A girl bomber blew herself up and killed five others on Sunday in an attack on a market in the north-eastern Nigerian city of Potiskum, witnesses and a hospital source said.
Nineteen others who sustained injuries were taken to hospital after the blast in Yobe state’s commercial capital, a local vigilante leader said.
“So far, five people have been killed with the girl while 19 others have been taken to hospital for injuries,” Buba Lawan said. A hospital source confirmed the toll. The attack occurred at around 1:30pm during peak hours of business. Witnesses said the girl appeared to be as young as seven years old and was the latest in a string of child suicide bombers in Nigeria. Previous such attacks have been blamed on Islamist extremist group Boko Haram.
The attack again highlighted the severe security challenges facing Nigeria in the run-up to March 28 presidential and parliamentary elections. President Goodluck Jonathan is in a tough re-election bid against ex-military ruler Muhammadu Buhari in the vote, initially scheduled for February 14. The military pushed for the six-week delay eventually granted by the electoral commission to give it time to secure the country even though the insurgency has raged for six years. Sunday’s incident was the second suicide attack around the same market, where new and second-hand phones are sold and repaired.
The first attack occurred on January 11, when two suicide bombers, one of them appearing to be around 15 years old, blew themselves up outside the market. The attack killed six and injured 37 others. In Sunday’s attack, suspicious security guards and vigilantes said they had sought to prevent the girl from entering the market. “We sent her back four times, because given her age, she did not have anything to do in the market,” Lawan said. “When we were screening people, she bent and tried to pass under the ropes, some distance from our view.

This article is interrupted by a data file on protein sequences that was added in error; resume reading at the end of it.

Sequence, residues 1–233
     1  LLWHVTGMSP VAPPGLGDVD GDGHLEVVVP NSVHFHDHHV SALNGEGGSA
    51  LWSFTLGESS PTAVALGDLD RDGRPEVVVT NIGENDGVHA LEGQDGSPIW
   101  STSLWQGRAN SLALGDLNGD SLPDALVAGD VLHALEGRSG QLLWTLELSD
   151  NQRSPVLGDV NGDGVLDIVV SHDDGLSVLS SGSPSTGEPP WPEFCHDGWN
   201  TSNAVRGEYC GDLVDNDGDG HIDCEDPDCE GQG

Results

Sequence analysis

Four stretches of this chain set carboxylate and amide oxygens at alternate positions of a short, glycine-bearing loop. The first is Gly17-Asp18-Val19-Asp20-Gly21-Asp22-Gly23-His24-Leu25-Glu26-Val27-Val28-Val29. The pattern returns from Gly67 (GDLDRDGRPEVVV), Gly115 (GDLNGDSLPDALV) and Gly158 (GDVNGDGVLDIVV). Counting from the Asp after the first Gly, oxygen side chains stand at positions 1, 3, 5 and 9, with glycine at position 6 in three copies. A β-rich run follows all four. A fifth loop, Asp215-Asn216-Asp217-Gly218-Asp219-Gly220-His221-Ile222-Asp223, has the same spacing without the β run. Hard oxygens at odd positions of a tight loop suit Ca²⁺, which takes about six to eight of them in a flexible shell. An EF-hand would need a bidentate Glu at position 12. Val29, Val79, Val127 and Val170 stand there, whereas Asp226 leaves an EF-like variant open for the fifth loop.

That was when the explosives went off.” In a sign of how much distrust has been generated over the suicide bombings, Lawan said that “since the January suicide bomb attacks, we have barred women from entering the market to prevent further attacks”. Borno, Yobe and Adamawa states, all located in north-eastern Nigeria, have witnessed dozens of attacks since Boko Haram intensified its campaign in the region in the past two years. Jonathan said in an interview published on Sunday that he underestimated the Islamists, who have overrun swathes of the northeast. Boko Haram has recently extended its bloody campaign to neighbouring countries across Nigeria’s north-eastern border as regional forces pursue them.